Mark Philp, 3 April 1986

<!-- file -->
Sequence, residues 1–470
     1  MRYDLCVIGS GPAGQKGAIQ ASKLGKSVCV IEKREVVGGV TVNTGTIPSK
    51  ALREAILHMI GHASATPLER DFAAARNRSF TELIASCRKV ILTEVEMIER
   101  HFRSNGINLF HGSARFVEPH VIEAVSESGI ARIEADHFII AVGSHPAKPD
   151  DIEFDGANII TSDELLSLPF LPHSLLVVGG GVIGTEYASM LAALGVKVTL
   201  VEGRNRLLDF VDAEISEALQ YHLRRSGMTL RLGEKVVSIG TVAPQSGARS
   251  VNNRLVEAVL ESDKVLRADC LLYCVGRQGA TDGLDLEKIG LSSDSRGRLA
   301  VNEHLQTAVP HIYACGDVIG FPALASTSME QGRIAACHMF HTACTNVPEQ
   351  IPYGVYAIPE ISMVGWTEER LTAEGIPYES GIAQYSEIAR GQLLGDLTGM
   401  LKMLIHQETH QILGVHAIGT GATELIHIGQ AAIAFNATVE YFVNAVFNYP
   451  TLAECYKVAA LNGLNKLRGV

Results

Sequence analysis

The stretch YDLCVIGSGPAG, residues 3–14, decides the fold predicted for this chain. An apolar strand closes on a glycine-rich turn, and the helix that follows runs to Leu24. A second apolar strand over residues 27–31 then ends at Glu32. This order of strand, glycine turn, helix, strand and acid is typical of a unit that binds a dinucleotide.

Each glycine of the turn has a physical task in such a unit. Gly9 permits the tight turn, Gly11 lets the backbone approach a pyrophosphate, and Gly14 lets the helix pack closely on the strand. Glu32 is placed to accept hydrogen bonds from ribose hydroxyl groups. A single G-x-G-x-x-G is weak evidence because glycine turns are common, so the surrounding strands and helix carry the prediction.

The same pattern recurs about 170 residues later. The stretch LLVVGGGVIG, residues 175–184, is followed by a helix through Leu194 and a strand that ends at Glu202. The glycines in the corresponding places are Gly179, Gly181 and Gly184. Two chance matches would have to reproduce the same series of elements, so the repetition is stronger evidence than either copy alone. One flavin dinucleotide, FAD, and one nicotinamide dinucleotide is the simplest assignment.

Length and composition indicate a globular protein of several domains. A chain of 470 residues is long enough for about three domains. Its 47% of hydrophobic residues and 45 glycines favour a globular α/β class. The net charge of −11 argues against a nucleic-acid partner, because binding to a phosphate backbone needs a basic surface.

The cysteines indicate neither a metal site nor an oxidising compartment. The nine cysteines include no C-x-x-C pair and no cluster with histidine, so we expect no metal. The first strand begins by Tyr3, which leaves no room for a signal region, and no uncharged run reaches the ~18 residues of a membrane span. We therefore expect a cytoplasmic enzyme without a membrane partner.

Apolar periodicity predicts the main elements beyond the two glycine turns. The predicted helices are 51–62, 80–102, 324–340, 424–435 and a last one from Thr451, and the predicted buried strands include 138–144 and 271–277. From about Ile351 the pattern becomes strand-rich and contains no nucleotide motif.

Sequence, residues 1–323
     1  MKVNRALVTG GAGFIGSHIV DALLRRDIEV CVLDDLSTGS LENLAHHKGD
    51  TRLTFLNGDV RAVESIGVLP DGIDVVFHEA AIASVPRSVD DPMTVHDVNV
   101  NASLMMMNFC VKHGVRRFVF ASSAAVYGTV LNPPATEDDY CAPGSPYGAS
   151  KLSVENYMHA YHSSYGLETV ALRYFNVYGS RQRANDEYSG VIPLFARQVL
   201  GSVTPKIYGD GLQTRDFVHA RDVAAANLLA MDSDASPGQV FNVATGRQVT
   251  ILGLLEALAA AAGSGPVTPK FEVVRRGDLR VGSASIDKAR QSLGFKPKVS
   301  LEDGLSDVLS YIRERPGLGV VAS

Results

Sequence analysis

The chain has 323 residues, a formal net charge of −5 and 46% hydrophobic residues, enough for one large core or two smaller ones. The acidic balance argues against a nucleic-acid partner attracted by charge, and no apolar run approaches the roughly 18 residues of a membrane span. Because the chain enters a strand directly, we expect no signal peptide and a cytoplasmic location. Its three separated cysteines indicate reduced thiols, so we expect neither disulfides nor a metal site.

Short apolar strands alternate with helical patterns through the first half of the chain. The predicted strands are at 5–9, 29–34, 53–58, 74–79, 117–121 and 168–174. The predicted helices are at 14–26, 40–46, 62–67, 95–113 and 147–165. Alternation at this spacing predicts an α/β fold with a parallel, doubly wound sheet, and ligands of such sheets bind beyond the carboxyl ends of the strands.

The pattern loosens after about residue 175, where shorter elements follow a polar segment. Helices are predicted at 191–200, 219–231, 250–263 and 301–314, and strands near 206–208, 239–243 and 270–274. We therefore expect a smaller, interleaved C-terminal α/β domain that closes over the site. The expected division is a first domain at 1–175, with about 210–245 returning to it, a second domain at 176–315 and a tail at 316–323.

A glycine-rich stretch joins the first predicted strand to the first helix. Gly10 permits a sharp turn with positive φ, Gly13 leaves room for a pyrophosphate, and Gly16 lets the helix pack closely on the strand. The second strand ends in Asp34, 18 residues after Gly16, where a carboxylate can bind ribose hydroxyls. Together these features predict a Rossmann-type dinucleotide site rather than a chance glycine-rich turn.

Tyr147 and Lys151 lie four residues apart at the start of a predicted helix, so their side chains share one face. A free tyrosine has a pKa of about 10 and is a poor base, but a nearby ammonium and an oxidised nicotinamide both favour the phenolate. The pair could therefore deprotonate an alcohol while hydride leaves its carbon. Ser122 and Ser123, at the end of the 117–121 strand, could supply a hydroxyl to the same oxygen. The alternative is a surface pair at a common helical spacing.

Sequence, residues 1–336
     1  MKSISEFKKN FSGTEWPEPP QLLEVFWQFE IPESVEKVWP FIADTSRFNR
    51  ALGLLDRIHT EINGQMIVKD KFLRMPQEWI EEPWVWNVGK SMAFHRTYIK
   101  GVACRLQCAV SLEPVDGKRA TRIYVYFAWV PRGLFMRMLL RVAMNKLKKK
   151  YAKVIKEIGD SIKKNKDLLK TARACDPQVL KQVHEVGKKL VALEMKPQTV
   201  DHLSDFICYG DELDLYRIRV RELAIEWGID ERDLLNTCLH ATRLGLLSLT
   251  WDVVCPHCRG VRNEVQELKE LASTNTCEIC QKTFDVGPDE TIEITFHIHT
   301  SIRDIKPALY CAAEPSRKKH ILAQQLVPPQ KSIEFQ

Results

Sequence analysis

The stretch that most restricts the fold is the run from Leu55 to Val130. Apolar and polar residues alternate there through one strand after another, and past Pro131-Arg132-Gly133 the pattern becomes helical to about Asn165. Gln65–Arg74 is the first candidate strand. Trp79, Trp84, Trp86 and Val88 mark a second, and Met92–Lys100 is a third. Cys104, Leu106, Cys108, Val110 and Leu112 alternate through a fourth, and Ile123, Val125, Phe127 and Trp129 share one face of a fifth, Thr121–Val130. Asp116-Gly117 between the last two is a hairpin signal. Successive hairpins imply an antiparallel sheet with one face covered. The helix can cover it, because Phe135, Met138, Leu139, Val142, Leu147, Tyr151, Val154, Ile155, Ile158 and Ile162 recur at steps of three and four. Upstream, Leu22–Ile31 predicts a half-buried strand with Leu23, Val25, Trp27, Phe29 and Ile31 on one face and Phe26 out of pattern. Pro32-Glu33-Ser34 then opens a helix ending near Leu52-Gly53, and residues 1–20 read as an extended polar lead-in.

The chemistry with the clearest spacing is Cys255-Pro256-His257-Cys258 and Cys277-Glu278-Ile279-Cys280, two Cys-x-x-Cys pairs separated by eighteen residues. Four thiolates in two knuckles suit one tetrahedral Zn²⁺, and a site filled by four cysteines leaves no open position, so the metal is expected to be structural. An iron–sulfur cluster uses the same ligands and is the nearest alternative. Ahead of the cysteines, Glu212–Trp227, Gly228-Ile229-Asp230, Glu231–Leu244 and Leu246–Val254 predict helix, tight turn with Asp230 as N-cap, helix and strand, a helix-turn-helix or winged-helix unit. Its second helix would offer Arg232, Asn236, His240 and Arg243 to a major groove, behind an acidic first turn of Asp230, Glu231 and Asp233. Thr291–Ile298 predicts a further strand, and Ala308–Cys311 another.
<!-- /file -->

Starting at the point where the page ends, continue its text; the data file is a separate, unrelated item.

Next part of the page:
Traditional histories of psychiatry, and those which preface the standard medical textbooks on the subject, are good examples of Whiggish historical writing. The dark ages for madness last until the end of the 18th century when Pinel’s dramatic removal of the chains of lunatics at Bicêtre, and the establishment of the York Retreat by William Tuke, inaugurate the psychiatric enlightenment. The development of the asylum bears witness to the increasing ability to distinguish between the mad and the poor, idle and criminal classes, and to attempts by various reformers, notably the Tukes and John Conolly, to institute a system of humanitarian care for their patients. After these early steps away from the cruel and barbarous treatment of the mad of the preceding centuries, the medical profession began the process of putting the treatment of the mental illnesses on a more scientific footing. The 19th century saw the identification of a number of organically-based mental diseases, while the early 20th century saw the development of a scientific psychological medicine, informed by the writings of both Meyer and Freud, which could integrate non-organic factors into the aetiological picture of the various conditions. More recently, the development of ECT and the post-war chemotherapy revolution have made possible the management of patients in the community and a partial phasing-out of the now decaying institutions in which they had been housed. While much remains to be done, there can be no doubt that the treatment of the mentally ill has advanced immeasurably since the dark days of the 19th century and before, when the mad were chained, whipped, imprisoned in straw-strewn cells, and exhibited to a curious public for the price of a penny.